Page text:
Preventing and Managing Your Dog’s Fall Allergies
Dr. Hinsperger says there are no definitive ways to prevent fall allergies in dogs, but there are some things you can do to reduce the chances of your pup developing symptoms.
Identifying and avoiding potential triggers is the best method to prevent symptoms. But this isn’t always possible, especially for things like dust mites that are prevalent and impossible to see.
Start an Antihistamine Early
If you already know your dog gets allergy symptoms in the fall, starting an anti-allergy medication prior to the onset can be beneficial, Dr. Hinsperger says.
Time Vaccinations Accordingly
Being more strategic with vaccinations may also help.
“Avoid vaccinating during the peak allergy seasons, such as the spring and the fall,” Dr. Hinsperger says.
“Vaccination will stimulate the immune system, and given that allergies are related to the immune system, vaccinating during the off-season can be beneficial.”
Consider Hypoallergenic Dog Food
Food might not be causing your dog’s allergies, but it can make symptoms worse.
“Many dogs that have seasonal allergies can also have concurrent food allergies,” says Dr. Hinsperger. “Controlling what you can, such as the food, can reduce the symptoms of fall allergies.”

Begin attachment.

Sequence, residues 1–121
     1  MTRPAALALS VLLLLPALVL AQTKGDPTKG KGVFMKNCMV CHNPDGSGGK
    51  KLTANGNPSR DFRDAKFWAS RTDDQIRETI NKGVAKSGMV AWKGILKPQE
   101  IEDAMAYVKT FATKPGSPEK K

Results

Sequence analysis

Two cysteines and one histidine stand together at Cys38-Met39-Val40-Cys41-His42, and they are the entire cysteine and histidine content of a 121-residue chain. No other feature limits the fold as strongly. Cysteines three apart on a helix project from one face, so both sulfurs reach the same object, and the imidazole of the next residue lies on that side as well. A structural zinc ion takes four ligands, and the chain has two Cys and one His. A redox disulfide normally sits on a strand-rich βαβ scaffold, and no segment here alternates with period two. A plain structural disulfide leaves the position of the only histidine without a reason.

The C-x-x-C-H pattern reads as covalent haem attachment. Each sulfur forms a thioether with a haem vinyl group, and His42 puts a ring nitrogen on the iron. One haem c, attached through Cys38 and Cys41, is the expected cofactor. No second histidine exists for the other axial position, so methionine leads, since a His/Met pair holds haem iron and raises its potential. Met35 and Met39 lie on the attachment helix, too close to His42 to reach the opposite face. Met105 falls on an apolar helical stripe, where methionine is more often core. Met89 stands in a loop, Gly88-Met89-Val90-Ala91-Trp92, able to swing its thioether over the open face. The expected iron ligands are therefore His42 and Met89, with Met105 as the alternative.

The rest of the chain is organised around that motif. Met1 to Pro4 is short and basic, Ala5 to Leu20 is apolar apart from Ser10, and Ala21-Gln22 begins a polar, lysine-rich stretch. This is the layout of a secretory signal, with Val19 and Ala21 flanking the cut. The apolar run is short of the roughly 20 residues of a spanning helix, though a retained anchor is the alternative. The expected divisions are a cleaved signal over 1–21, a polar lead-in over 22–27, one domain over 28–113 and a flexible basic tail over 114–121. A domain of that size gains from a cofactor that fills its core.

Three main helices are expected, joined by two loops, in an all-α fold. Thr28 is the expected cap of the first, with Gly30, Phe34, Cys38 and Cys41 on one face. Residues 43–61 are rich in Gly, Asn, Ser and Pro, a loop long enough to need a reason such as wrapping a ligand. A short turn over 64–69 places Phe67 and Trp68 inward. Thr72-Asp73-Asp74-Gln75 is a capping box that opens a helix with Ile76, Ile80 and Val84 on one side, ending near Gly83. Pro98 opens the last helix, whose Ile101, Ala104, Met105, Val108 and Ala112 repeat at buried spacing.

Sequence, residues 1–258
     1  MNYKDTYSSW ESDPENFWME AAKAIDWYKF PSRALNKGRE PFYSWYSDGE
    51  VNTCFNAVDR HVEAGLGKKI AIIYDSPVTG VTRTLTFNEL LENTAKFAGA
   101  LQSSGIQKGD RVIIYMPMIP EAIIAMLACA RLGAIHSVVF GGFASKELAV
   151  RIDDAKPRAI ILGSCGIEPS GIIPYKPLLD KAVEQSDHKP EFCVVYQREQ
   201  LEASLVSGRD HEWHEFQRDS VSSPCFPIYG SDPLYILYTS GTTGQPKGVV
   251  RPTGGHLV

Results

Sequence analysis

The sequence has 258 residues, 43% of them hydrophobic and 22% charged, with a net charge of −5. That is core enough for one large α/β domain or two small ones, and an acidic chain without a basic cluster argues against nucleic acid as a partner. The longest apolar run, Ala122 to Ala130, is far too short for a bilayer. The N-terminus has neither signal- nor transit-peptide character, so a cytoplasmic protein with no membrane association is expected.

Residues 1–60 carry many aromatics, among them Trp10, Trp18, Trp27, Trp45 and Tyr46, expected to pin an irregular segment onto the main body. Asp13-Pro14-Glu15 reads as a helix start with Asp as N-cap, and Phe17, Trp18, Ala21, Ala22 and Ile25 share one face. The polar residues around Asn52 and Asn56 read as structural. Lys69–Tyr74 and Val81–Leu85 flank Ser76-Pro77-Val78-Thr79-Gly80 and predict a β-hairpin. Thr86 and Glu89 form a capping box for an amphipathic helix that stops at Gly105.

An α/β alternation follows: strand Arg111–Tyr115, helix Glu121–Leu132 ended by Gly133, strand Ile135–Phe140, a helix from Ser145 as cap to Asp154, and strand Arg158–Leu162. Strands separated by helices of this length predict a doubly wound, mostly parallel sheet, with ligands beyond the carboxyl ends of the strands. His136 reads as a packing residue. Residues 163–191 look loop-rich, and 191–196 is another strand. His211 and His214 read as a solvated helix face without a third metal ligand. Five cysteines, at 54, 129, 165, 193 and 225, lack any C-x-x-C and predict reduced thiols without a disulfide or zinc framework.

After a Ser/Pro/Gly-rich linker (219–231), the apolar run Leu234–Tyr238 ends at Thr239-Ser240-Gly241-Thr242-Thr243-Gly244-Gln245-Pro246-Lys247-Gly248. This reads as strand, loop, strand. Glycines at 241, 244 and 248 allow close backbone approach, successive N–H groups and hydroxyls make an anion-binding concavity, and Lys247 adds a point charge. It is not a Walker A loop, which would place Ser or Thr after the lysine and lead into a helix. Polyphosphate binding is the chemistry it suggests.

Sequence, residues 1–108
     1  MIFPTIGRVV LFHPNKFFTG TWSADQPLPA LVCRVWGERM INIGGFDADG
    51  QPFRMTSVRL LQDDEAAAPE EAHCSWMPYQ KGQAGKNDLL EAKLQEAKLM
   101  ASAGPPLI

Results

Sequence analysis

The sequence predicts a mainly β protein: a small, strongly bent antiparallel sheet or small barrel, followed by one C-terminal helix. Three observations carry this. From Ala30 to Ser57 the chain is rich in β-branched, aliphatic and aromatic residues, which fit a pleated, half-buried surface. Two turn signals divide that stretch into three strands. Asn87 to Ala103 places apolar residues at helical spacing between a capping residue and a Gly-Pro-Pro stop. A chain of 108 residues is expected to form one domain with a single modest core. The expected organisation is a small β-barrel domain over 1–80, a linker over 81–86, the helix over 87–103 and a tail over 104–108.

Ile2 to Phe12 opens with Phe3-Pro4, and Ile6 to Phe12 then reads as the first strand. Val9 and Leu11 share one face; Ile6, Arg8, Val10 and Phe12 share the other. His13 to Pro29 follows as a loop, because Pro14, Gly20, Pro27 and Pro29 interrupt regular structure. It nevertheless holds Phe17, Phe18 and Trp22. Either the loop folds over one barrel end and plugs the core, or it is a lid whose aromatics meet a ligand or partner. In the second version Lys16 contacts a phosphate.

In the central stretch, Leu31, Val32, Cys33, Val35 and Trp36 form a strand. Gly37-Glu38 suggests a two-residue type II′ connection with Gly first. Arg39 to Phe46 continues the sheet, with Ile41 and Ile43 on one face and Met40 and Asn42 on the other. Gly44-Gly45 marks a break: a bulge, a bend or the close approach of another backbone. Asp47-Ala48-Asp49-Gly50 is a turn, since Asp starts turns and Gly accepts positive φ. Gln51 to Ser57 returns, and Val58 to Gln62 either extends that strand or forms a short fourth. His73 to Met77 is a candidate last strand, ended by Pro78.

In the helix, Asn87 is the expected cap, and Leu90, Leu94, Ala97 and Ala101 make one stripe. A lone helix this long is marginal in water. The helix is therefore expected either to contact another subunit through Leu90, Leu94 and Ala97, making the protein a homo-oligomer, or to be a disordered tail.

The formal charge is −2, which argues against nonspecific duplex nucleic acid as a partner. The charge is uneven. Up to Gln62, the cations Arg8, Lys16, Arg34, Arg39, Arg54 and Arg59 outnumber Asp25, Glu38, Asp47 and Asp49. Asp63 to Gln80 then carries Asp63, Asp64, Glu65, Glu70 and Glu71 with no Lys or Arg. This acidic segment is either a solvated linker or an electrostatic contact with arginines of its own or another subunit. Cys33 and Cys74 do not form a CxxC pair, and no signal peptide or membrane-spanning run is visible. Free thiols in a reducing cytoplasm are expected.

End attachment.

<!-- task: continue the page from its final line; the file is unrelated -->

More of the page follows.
If your pup does start to exhibit signs of allergies, you can help soothe your dog’s skin and make them more comfortable.
Ask your veterinarian what dog food they recommend.
Reduce the Itch
The first step is ensuring your dog’s comfort.
“We often need to use anti-allergy therapy to reduce the itch, discomfort and secondary infections,” says Dr. Hinsperger.
The best course of action is to ask what your veterinarian recommends.
Bathe in Cool Water
During the allergy seasons, bathing with cool water every few days with a regular non-fragranced shampoo can be beneficial, says Dr. Hinsperger.
“It will help reduce the amount of surface pollens and contaminants on the skin,” he says.
Add Fish Oil to Your Dog’s Diet
Supplementing with omega-3 fatty acids can be beneficial, thanks to their anti-inflammatory effects, Dr. Hinsperger says.
Again, ask your vet what they recommend.
FAQs about Fall Allergies in Dogs
What months are the worst for dog allergies?
How long does fall allergy season last for dogs?
Can I give my dog Benadryl for allergies?
“Antihistamines are only effective when started prior to the onset of symptoms or when the symptoms just start,” he says. “The typical dose would be 2 to 3 milligrams per kilogram of body weight every eight to 12 hours.”